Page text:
The technology has changed in five years since I was teaching, but the attitudes and methods haven’t. Back when I was in the classroom, we had networked PCs and I often taught from the back of the room, the better to see what the kids were doing. Most of the time, they were checking their overnight ratings on CS or IM’ing their friends telling them about their overnight ratings. Soon, the district put a stop to that, but they still could use the Web IM client (this is in the days before there were products to specifically block IM traffic). Now we have peer-to-peer music sharing and MySpace to worry about. “It is amazing how often the kids want to check their MySpace pages — they can’t go a couple of hours without trying to login,” my school source was telling me.

Now that summer is here, the district relaxes its policies for the staff a bit — they can download streaming music during the summer but not once school is back in session. And indeed, when we were scanning the network we saw one staffer listening to Internet radio and having a nice time taking all that bandwidth.

As a parent, I operated under the maxim of protect but verify, and it is a good one for a networked school district — or even any corporate environment — to operate under as well. One way is to install remote desktop software on every machine in your network, so the support people can reach out and touch someone’s PC if they are having problems, or doing something that they shouldn’t. A hospital that I visited last month had implemented this solution. They found it useful when their activity logs showed some spike in network traffic coming at either an odd hour or from an odd place. A quick look-see would generate a phone call to the user’s boss: “Do you know what your staff is doing with their PC?” No one I know wants to receive that phone call. My source at the hospital told me that he found an ex-employee who still had login credentials was using the network the night after he was fired — and didn’t realize that every mouse click was being watched.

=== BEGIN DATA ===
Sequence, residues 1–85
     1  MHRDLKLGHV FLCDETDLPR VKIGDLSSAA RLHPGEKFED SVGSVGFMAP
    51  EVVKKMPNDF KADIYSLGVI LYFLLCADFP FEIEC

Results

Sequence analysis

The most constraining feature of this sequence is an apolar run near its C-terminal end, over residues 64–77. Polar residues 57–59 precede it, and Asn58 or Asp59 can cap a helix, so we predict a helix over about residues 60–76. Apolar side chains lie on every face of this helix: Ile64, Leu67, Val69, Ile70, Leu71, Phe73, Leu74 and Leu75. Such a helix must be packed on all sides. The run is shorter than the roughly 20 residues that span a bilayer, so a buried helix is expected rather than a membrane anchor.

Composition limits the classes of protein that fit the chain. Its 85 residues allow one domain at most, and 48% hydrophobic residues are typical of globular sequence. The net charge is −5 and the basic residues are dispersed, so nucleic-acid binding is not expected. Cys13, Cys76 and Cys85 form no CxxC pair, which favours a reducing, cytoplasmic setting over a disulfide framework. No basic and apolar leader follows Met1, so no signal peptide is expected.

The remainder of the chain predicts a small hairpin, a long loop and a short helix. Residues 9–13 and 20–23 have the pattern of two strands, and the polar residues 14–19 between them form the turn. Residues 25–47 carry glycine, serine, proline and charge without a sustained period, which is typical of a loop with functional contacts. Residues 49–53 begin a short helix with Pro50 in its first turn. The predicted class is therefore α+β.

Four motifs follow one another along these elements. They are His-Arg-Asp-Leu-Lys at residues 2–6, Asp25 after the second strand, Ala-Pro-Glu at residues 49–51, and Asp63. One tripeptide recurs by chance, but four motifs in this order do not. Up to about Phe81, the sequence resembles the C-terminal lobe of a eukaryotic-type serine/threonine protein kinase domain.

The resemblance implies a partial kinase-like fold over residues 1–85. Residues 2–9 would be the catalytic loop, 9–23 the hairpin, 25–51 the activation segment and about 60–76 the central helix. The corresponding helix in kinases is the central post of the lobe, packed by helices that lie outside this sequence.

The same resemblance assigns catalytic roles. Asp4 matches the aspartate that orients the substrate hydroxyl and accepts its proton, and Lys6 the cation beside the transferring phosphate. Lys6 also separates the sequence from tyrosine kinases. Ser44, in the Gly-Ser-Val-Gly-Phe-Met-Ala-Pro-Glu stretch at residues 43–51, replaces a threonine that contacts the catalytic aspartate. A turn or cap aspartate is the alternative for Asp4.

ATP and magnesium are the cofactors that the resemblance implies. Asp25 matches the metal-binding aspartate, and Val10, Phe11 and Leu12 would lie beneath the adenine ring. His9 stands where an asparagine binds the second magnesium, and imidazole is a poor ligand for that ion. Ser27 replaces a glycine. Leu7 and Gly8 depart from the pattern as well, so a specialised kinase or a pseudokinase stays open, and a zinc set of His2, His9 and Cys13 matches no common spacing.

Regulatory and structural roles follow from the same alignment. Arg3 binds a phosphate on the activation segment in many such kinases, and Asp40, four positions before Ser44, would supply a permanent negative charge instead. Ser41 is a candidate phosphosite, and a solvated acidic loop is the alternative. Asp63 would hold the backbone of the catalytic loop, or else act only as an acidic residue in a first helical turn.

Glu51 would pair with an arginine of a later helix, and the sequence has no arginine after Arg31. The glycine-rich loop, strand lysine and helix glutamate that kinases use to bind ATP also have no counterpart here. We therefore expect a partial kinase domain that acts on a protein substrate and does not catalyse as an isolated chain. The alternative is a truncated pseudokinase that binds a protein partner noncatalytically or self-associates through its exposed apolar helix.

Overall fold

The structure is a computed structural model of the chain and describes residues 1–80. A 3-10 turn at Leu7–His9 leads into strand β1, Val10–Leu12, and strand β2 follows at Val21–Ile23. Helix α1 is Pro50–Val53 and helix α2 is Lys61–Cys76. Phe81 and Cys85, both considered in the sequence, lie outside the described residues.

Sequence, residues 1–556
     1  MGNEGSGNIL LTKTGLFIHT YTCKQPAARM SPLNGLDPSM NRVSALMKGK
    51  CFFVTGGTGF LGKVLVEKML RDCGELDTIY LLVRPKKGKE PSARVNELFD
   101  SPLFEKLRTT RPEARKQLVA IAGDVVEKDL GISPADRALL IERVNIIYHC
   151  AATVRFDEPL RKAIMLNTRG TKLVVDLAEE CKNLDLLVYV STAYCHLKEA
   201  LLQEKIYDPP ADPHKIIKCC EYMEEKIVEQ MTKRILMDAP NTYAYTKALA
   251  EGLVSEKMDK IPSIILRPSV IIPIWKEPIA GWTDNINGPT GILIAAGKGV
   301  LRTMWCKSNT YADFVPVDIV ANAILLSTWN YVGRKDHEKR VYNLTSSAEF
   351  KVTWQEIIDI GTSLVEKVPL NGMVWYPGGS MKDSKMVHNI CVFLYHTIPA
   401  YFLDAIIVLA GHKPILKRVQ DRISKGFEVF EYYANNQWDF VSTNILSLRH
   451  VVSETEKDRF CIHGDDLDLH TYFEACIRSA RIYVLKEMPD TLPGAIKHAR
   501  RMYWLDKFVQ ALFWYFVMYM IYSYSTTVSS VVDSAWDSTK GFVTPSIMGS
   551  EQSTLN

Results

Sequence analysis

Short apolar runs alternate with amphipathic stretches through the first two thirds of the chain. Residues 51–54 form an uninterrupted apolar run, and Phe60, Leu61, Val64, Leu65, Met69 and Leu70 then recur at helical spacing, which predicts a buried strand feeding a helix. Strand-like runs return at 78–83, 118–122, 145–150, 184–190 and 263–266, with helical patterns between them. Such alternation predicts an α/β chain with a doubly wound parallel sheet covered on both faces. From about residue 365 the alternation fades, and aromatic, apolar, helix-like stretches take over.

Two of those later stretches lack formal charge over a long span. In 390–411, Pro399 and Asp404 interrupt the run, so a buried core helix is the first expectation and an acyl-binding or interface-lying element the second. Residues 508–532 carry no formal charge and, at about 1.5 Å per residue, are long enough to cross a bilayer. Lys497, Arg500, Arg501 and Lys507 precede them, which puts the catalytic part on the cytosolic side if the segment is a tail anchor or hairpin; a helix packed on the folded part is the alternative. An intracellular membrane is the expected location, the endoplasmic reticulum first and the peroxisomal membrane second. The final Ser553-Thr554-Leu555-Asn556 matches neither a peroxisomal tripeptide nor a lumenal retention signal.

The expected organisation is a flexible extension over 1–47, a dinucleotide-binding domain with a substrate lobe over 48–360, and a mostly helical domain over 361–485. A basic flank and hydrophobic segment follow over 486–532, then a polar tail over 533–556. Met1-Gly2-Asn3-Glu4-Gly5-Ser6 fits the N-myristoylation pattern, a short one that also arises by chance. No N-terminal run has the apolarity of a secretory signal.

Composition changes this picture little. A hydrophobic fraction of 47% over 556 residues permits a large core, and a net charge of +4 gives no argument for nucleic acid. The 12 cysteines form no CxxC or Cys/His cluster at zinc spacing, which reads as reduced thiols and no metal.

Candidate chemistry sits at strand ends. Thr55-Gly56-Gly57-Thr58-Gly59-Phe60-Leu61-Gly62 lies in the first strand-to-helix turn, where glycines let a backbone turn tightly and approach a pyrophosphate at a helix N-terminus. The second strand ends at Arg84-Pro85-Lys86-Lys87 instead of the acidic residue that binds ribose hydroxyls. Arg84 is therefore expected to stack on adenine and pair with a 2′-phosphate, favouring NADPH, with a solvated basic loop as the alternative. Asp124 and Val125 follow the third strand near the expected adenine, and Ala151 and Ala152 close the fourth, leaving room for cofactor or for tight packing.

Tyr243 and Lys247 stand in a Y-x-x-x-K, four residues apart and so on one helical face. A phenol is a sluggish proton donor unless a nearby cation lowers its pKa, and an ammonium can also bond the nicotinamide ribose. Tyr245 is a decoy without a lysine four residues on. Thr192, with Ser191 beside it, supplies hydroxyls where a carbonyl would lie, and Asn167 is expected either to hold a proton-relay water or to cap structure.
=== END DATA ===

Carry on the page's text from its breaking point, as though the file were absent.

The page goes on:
Yes, we have come a long way since I was teaching Networking 101. But if I have learned anything over the years, it is getting harder to protect and verify our networks, as the users and exploit tools get more sophisticated. You just can’t stand still, and have to continue to tighten things up.

0 thoughts on “Hacker U.

  1. David

    I enjoyed your article on hackers and the problems of school districts. While I know you focus was more at a University level, the problem of “inappropriate usage” exists all the way to the Elementary levels. I sit on a local school board, and while its not this problem that is number one (school funding and financial operations will always have that place), it is a growing concern.

    Having spent time talking about the problem, my own personal view is that the first line of defense (before any firewall) is parents…they need to instill a sense of right or wrong wrt internet usage, just like we do for all other types of social interaction and issues. It’s easy for poarents to understand the problem of drug use and many know the warning signs.

    However, I think there might actually be a very critical and impartant gap right now, where you have very sophisticated and techno-knowledgable kids and less educated adults (parents) who know nothing of the “technology problem”, nor what to do to make sure their children are acting appropriately. That carries all the way through one’s educational career and results in the things you are talking about today at the university level, and even into the general workplace.

    It’s a shame we have to spend millions of dollars to lock down these threats from enterprising young souls. It would serve our generation of young people better if we spent quality time with our kids and warned them of the dangers/risks and responsbilites of the use of technology in today’s world…but it seems that someone is going to have to educated the parents first.

  2. As the proprietor of the Peacefire.org website, I’d like to defend these students for a minute 🙂